Shell Sees Demand Surging for Liquefied Natural Gas

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Shell, Europe’s largest energy company, forecast on Wednesday that global demand for liquefied natural gas, which has been a lifeline for Europe after Russia cut off pipeline gas supplies, will surge by around 50 percent over the next 15 years.

The main source of growth is expected to be in China, which will switch from coal to gas in industry to cut emissions, Shell said.

The fuel, which is chilled to minus 260 degrees Fahrenheit and transported on specialized ships, has become a significant moneymaker for Shell as part of a unit that earned $7 billion last year. But it has also been a focus of criticism from some environmental groups as a source of greenhouse-gas emissions, especially methane.

The Biden administration recently put a temporary halt on approving new L.N.G. projects in the United States, which has become the world’s largest exporter of the fuel, in part to take time to assess the industry’s environmental impact.

In an interview, Steve Hill, executive vice president of Shell Energy, the unit that includes L.N.G., indicated that much of Shell’s optimism about this key business for the company rested on Asia and, particularly China. In 2023, that country led the world in growth in L.N.G. imports after a drop in 2022, when a surge in European demand drove up prices for the fuel.

Mr. Hill said that China was rapidly building infrastructure to increase imports. Liquefied natural gas requires specialized terminals to unload the cargoes as well as storage facilities for the gas. “We see China as being particularly important,” over the next decade, he said.

Mr. Hill said that China was likely to use the increased gas supplies not only to generate electric power but to heat buildings and in industries like steel.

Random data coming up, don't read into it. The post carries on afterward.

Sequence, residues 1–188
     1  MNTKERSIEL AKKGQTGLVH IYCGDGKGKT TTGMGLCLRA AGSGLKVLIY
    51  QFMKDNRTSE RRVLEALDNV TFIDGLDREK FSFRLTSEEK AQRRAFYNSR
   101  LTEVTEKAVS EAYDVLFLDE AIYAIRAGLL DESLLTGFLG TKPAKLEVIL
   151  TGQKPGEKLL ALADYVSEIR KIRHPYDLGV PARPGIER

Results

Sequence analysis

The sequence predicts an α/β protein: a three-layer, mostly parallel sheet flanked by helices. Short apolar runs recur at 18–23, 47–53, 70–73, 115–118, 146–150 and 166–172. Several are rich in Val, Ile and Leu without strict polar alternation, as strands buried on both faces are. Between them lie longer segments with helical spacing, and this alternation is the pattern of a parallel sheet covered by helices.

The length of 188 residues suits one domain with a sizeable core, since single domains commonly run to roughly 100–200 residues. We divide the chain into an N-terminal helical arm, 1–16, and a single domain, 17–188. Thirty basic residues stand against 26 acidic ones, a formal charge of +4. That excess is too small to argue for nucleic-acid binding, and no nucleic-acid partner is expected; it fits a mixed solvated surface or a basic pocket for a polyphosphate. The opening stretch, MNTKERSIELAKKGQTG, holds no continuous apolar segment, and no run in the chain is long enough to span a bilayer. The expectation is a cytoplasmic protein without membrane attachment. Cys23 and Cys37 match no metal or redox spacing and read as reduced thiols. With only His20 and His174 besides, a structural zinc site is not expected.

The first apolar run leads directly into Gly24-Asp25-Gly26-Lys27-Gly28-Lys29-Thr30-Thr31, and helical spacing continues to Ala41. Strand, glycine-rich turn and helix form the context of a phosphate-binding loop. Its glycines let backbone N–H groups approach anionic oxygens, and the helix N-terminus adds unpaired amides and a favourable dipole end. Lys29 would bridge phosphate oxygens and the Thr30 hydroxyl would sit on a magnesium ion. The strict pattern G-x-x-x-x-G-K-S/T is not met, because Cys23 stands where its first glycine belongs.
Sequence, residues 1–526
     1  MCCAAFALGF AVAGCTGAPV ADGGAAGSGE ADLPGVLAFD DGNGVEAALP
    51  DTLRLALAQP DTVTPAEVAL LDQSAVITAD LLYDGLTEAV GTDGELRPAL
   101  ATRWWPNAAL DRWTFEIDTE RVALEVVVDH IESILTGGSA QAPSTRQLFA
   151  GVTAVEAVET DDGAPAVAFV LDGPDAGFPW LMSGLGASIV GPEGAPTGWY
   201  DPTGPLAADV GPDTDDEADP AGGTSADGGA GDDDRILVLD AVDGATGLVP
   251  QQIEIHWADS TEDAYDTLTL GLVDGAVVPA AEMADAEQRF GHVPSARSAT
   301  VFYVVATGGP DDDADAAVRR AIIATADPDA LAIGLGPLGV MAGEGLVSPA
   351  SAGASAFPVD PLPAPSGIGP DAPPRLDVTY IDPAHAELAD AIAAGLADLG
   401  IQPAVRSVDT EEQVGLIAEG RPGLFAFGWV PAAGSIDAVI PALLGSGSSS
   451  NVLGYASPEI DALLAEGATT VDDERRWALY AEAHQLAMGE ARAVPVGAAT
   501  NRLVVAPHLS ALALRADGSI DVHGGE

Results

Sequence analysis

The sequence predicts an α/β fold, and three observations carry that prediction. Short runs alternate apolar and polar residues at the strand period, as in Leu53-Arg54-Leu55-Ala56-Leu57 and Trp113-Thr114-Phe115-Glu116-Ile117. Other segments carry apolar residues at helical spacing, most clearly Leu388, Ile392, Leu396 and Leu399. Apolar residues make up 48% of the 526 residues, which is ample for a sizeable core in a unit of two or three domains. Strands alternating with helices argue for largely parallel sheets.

In Europe, there has been an overall decline in gas consumption, especially since energy prices soared following the Russian invasion of Ukraine in 2022. But Shell continues to see Europe as a strong market for liquefied gas. The main reason: The curtailment of Russian supplies and the continued decline of domestic production, especially in the Netherlands, has boosted the role of L.N.G., which can be delivered to any port with a terminal.

Germany, the Netherlands and even Greece have scrambled to build importing facilities to make sure they retain access to gas.

Europe was once seen as a tepid market for L.N.G., where shippers would sell their gas if they had nowhere else to go, but that has changed, Mr. Hill said.

“Europe structurally needs the L.N.G. now going forward for the foreseeable future, ” Mr. Hill said.

Where will all the new liquefied gas come from? The United States will be key. Supplies from North America are expected to roughly double by 2030, meeting about 30 percent of global L.N.G. demand.

That very large role creates risks for global consumers, as shown by the U.S. decision to pause approvals of new export facilities.

The United States had been seen as a practically limitless source of the gas. Now, there is a realization that supplies could be restricted for political or other reasons.

The move “sends the wrong message at the wrong time about the reliability of the United States as an energy exporter,” wrote Benjamin Jensen and Yasir Atalan in a recent commentary published by the Center for Strategic and International Studies, a Washington-based research organization.

On Feb. 1, Shell’s chief executive, Wael Sawan, told analysts that Washington’s action could contribute to eroding “confidence in the longer-term potential of U.S. L.N.G.”

Mr. Hill said that because many new facilities are under construction in North America, a short hiatus in approving additional units was unlikely to have much impact for some time.

“In practice we don’t see it being particularly problematic as long as it doesn’t last for a long period,” he said.

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